By Shelley Neese
We are in the middle of the High Holidays on the Jewish calendar. Rosh Hashanah and Yom Kippur have come and gone and Sukkot, also known as the Feast of Tabernacles, begins this Sunday night on October 13th. According to Jewish tradition, on the Sabbath between Rosh Hashanah and Sukkot, Deuteronomy 32 is read as a community. I encourage all of us as Christians to take the time to do our own reading of Deuteronomy 32 during this season.
Deuteronomy 32 is an incredible chapter of the Torah which represents the whole of the Israelite story up to this point and also contains a message of exhortation and caution for the Israelites’ next chapter. It is this portion of Deuteronomy that makes a break in style and format with the rest of the covenant book. The chapter is a seventy-line poem. Tradition holds that Moses sang it to the people on his last day of life.
The song begins as a reminder to the Israelites of this generation to pass on their spiritual inheritance—to tell their children and grandchildren about the miracles they witnessed in their deliverance from Egypt and their wanderings in the desert. Moses sings, “Remember the days of old; consider the generations long past. Ask your father and he will tell you, your elders, and they will explain to you.”
Moses reminds them of their chosenness and the responsibility that accompanies that gift. He says, “When the Most High gave the nations their inheritance, when he divided all mankind, he set up boundaries for the peoples according to the number of the sons of Israel. For the Lord’s portion is his people, Jacob his allotted inheritance.”
Moses goes on to assure them of their victory in battle as they ready their armies to conquer the land, a conquest that must take place without him. When they settle the land, they are commanded to follow God’s ways and stay faithful to Him in not going after other gods.
What Moses sings next perfectly fits the theme of Sukkot. Moses warns them that after the wanderings and after the battles, they will settle in the land and they will have the comforts that land possession affords: milk, meat, wine, cheese, oil, and wheat. The poem is a cautionary tale against the dulling effects of a full stomach on the desire for a relationship with their protector God.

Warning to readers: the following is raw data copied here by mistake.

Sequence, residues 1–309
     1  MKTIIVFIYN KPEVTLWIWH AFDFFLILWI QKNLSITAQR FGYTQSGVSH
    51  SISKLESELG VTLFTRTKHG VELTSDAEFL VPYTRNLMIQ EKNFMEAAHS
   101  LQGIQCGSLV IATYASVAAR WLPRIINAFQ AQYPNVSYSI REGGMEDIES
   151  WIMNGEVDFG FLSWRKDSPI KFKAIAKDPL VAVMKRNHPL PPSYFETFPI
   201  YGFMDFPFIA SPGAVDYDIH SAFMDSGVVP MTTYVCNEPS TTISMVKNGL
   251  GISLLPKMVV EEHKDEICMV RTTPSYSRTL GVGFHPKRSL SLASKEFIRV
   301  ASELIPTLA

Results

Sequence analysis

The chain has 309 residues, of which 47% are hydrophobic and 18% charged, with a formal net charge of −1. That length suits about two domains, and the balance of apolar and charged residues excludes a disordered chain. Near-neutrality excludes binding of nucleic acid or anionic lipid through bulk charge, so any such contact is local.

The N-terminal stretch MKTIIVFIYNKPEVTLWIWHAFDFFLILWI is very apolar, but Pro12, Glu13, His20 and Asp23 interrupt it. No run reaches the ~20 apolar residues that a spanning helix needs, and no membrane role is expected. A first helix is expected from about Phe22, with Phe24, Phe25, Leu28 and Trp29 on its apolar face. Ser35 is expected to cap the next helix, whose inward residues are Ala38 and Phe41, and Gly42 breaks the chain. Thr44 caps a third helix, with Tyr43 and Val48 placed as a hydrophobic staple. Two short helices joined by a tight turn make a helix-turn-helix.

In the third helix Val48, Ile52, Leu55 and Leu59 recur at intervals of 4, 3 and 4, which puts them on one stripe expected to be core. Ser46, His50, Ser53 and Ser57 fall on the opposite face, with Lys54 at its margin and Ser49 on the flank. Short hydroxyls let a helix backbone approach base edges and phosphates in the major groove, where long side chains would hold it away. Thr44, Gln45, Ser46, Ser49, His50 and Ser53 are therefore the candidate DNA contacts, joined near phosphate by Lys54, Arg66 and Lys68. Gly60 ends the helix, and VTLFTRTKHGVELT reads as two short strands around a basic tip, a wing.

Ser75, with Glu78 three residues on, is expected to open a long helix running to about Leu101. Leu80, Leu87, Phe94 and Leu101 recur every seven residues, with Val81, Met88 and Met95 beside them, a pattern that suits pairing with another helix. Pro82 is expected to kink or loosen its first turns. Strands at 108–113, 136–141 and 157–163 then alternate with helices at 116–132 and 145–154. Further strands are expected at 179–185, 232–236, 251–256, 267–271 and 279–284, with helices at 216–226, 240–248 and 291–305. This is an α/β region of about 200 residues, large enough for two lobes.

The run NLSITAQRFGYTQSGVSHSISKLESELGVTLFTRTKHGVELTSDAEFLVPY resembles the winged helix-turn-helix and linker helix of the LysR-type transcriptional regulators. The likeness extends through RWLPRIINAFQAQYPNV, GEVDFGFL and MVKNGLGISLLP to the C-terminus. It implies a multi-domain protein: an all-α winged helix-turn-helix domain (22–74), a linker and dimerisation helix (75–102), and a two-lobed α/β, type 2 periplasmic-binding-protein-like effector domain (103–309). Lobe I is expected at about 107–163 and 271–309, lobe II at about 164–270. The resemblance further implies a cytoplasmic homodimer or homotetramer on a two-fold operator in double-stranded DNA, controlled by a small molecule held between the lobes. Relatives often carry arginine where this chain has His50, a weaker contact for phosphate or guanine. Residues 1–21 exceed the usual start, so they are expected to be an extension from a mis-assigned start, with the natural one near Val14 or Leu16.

Sukkot, also known as Feast of Tabernacles, is a sacred assembly built around the idea that we annually go through the process of stripping ourselves of material comforts so we may rely only on God. We all understand the danger of creature comforts dulling our thirst and hunger for our creator and our savior. Living in relative abundance of food, work, and shelter, puts all of us under threat of forgetting God. Except that on Sukkot, the people are commanded in every generation to take seven days and dwell in sukkot, the same booth like structures the Israelites called home in their forty years of wandering.
Leviticus 23 states that on the Feast of Tabernacles, the people are commanded to “live in temporary shelters for seven days: All native-born Israelites are to live in such shelters so your descendants will know that I had the Israelites live in temporary shelters when I brought them out of Egypt. I am the Lord your God.’”
When Jews celebrate Sukkot, they build sukkot in lots of different ways. The sukkah walls can be made out of canvas, tarp, or any material that will not blow away. For the roof, branches and sticks are laid across the top. Families often like to decorate their sukkah. During the seven days of Sukkot, Jews eat all their meals and spend most of their time inside the sukkahs. Some families even sleep in them.
Sukkot is one of the most important Jewish holidays during the year. Sukkot is a holiday built on the theme of humility but it is meant to be a celebration, not a fast or a time of mourning. When I lived in Israel, I used to love taking night walks in my neighborhood and seeing all of the sukkot built on the tops of buildings, squeezed onto apartment terraces, and taking over every inch of common green space.
I imagine it was similar to when Jesus went to Jerusalem during Sukkot to visit the Temple and taught in the Temple courts. The Bible says, in the book of Zechariah, that when the Messiah returns the whole world will go to Jerusalem to celebrate Sukkot. As many of you know, more and more Christians from all over the world are going to the Feast of Tabernacle celebrations in Jerusalem. Israeli Tourism officials estimate 50,000 Christians flooding the capital for this year’s feast. Last year, the International Christian Embassy of Jerusalem had 6,000 representatives from over 100 countries in their parade of the nations.
During this holiday, Jews remember how they once had no land or permanent possessions. They had to depend on God for their food, water, and shelter. That is why the book of Ecclesiastes is the reading of choice for this holiday.
“Indeed, all things will pass away, but God remains the same yesterday, today, and forever!”
Shelley Neese is the author of The Copper Scroll Project and President of The Jerusalem Connection.